All at once, Xavier tensed, peering down his torso as several sharp bursts of something white spewed from the end of his penis. Whatever it was plopped on his abs with a wet splat before his brother’s sweaty head hit the pillow.

Shocked to feel a tightness in his swim trunks, Roman reached down and squeezed the tiny nail poking up inside his shorts. It happened to him sometimes, but he’d never made a connection with being hard and what Xavier was doing to himself. As Roman leaned closer, the towel slipped from his shoulder and crumpled to the floor.

Roman’s body turned to ice. When Xavier’s head whipped his way, Roman barely had enough time to step back before Xavier stomped forward, his still-hard dick wagging away, and slammed the door shut with the loudest bang Roman ever heard.

Xavier didn’t talk to him for three days after that.

The next weekend, however, Xavier wanted to play games on the Playstation with him. Roman worried if he questioned it, the one chance he had at having his brother back would be squashed like a bug. For a few hours, it was like old times: playing, talking, joking around, but then Xavier set his controller down and asked if Roman wanted to swim. When Roman came back, ready to go, Xavier was still dressed.

“I was waiting for you,” his brother said in his scratchy, raspy voice, yet another sign of getting older, like his short hairs.

“Waiting for me?” Roman asked, but Xavier said nothing as he removed his shirt and stripped from his shorts and underwear.

Seeing his brother’s junk up close, there was way more hair than Roman would have guessed. They were only slightly darker than the faint, pale color of Xavier’s eyebrows. Roman thought it was awesome the way they scrunched around the base of his penis, accentuated by his brother’s smooth, bronze skin. Xavier’s penis stretched and lifted from his drooping balls until its veiny stalk twitched outward a thin five inches. It looked enormous.

“You can touch it if you want,” Xavier said in a low, breathy voice.

He was about to reach out, when something caught Roman’s eye. All along Xavier’s hip were little crescent moons indenting his skin.

“What are those?” Roman asked and pointed.

“Don’t worry about it,” Xavier said as he shielded his hip. “It’s nothing.”

Roman didn’t want to disappoint his brother, and he was curious about the steely hardness in front of him, so he ignored the marks and carefully reached out until his fingers brushed against the velvety skin of Xavier’s erection. It was hot and spongy, different than when he poked and flicked his own tiny rod. Interested to see the reaction he would get, Roman curled his fingers around his brother’s boner and moved his arm like Xavier did a few days before.

Xavier’s eyes fluttered closed as he released a breathy moan, and Roman was encouraged to continue, especially when Xavier gently ran his fingers through Roman’s soft hair. The touch made the hairs on Roman’s neck stand, and he shivered as his own boner perked up against the inner lining of his swimsuit.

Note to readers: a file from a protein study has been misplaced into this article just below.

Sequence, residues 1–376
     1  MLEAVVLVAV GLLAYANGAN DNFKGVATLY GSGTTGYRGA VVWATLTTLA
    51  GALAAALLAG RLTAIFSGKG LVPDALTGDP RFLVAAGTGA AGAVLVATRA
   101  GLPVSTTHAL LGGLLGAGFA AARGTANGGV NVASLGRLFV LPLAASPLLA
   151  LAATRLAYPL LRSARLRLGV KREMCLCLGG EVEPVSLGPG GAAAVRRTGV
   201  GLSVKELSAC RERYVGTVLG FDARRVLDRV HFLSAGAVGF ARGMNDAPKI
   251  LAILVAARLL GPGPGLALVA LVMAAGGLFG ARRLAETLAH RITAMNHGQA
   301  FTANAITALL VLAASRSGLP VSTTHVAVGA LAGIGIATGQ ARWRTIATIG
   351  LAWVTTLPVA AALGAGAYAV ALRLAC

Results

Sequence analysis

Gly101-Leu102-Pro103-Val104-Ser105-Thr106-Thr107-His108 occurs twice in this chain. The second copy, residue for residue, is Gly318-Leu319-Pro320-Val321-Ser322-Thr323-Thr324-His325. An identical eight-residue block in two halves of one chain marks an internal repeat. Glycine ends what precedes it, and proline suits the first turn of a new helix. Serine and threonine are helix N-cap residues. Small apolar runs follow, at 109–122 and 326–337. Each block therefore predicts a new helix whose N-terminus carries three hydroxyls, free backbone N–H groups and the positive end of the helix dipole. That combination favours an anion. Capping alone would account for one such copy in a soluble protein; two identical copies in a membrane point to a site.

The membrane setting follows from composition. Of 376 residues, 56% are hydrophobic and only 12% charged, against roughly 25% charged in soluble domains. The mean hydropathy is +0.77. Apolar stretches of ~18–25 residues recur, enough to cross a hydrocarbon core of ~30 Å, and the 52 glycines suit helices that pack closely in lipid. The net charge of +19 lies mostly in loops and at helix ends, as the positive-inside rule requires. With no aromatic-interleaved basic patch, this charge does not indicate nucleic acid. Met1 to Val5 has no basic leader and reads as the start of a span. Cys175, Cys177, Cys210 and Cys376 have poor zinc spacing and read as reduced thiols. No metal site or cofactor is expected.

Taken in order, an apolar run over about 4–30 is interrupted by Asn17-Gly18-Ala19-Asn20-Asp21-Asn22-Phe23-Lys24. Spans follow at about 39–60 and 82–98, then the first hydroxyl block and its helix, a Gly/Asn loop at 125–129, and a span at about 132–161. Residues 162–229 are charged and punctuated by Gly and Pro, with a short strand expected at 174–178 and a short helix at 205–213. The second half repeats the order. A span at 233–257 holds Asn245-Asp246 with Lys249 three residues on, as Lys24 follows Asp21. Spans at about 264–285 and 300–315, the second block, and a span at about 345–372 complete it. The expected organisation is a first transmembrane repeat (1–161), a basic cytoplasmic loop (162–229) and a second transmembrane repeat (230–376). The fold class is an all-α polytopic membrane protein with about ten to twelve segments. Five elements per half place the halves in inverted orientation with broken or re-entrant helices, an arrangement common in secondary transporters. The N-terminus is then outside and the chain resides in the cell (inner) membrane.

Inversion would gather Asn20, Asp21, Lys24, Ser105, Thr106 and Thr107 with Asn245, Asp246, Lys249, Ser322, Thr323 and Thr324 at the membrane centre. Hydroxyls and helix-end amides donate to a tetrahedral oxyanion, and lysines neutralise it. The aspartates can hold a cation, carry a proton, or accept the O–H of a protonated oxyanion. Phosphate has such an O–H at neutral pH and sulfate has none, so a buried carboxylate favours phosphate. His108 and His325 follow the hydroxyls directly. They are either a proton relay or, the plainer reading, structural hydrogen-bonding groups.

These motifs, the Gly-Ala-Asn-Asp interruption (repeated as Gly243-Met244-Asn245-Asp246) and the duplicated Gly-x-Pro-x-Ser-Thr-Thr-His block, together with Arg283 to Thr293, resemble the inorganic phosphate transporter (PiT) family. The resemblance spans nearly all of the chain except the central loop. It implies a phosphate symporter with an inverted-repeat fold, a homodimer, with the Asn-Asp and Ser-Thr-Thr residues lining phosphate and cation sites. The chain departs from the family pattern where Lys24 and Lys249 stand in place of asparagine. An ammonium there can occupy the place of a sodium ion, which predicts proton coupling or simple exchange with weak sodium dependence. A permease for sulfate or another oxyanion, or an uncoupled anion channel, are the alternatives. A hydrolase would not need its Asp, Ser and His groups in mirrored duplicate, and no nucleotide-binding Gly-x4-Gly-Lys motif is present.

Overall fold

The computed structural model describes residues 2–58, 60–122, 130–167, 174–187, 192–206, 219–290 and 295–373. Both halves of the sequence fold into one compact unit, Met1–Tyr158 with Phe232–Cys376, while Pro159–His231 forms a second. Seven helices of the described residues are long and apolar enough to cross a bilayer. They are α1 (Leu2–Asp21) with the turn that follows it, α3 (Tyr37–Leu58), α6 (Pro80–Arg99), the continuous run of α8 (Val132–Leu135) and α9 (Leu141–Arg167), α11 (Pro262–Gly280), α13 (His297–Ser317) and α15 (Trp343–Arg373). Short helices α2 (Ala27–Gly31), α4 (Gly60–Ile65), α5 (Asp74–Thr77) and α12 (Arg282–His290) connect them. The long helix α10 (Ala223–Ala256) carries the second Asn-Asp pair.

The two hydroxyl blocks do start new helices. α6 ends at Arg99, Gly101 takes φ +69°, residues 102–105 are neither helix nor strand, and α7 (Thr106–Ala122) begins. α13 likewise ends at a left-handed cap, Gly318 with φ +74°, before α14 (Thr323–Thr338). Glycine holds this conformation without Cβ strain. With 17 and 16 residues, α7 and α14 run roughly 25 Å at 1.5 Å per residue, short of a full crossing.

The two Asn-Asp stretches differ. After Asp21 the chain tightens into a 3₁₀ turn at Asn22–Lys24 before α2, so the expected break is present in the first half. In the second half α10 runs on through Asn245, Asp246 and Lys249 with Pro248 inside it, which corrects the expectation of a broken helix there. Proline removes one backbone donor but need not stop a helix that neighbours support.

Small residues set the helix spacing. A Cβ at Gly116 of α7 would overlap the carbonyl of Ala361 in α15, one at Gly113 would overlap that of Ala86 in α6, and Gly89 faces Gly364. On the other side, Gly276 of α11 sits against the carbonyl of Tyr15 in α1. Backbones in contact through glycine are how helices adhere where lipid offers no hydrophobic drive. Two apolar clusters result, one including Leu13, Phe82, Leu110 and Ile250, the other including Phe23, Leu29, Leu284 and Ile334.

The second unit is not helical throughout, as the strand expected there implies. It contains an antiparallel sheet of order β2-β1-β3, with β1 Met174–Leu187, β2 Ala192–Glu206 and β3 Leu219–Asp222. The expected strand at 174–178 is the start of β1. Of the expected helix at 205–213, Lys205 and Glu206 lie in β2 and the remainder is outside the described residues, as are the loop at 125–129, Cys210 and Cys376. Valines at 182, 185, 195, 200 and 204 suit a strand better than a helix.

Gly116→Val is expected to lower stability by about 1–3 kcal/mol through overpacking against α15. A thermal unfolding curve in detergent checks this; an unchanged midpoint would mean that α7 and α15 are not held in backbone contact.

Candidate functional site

After a couple minutes, his brother started panting before his body clenched and he shot the white stuff again. When he did, his face grimaced, and Xavier’s fingers clutched too tightly around his hair.

“Let go,” Roman whined, wincing as more of the white liquid pulsed on his hand before spilling to the floor.

After that, Xavier didn’t want to swim, his demeanor suddenly shifting as he demanded Roman leave his room. When the door shut in his face, Roman was left alone to clean the sticky, drippy remnants on his hand. Swimming didn’t seem so great to him anymore either.

As Roman’s summer before Blue Ridge went on, Xavier went through the same cycles: warming up to Roman, getting what he wanted, and shunning him right after.

Why he let Xavier use him, Roman couldn’t answer. Maybe he wanted so desperately to get his brother’s love and affection back that he was willing to do anything it took to feel connected again. But he hated his brother’s mood swings. Hated the way he lashed out at him and hurt him. Why couldn’t Xavier just be nice like he used to be?

Fast forward to that morning when they were ready to load their bags for Blue Ridge, and Roman wasn’t really shocked when Xavier sucker punched him in the ribs. Hurt, of course, but not surprised.

Xavier loomed over him as Roman clutched his stomach and gasped for air on the bedroom floor.

“If you know what’s good for you, you’ll stay away from me at Blue Ridge.”


Roman awoke from his dream with a startled gasp. His forehead was damp with sweat as his heart jackhammered inside his chest. His sweaty, sleeveless t-shirt stuck to his chest, and it took Roman several seconds to remember he was in the safety of his dorm room.

He steadied his breath and flopped back against the pillow. From his dresser, the clock read 4:37, far too early to wake up or start the day. Still, he couldn’t sleep.

Roman tossed the comforter back to let the cool air kiss his skin.

A whisper across the room made him jump.

“Roman, are you okay?” Fielding asked.

“I’m fine,” he whispered. “Just a bad dream.”

There was a long quiet that followed, so long that Roman thought Fielding might have gone back to sleep, but eventually he asked, “Who’s Xavier?”

Roman swore in his head. There was no way to know what he let slip while dreaming. And how could Roman even begin to explain?

“No one,” Roman answered. “Don’t worry about it.”

Another long pause.

“Okay…” Fielding finally said.

It was better to lie than face the truth. That was how it had to be. It hurt less that way.

With a sigh, Roman closed his eyes and tried to focus on the better days, back when Xavier still loved Roman as much as Roman loved him.

End Chapter 4

Copyright 2023 – Levi Holland
All rights reserved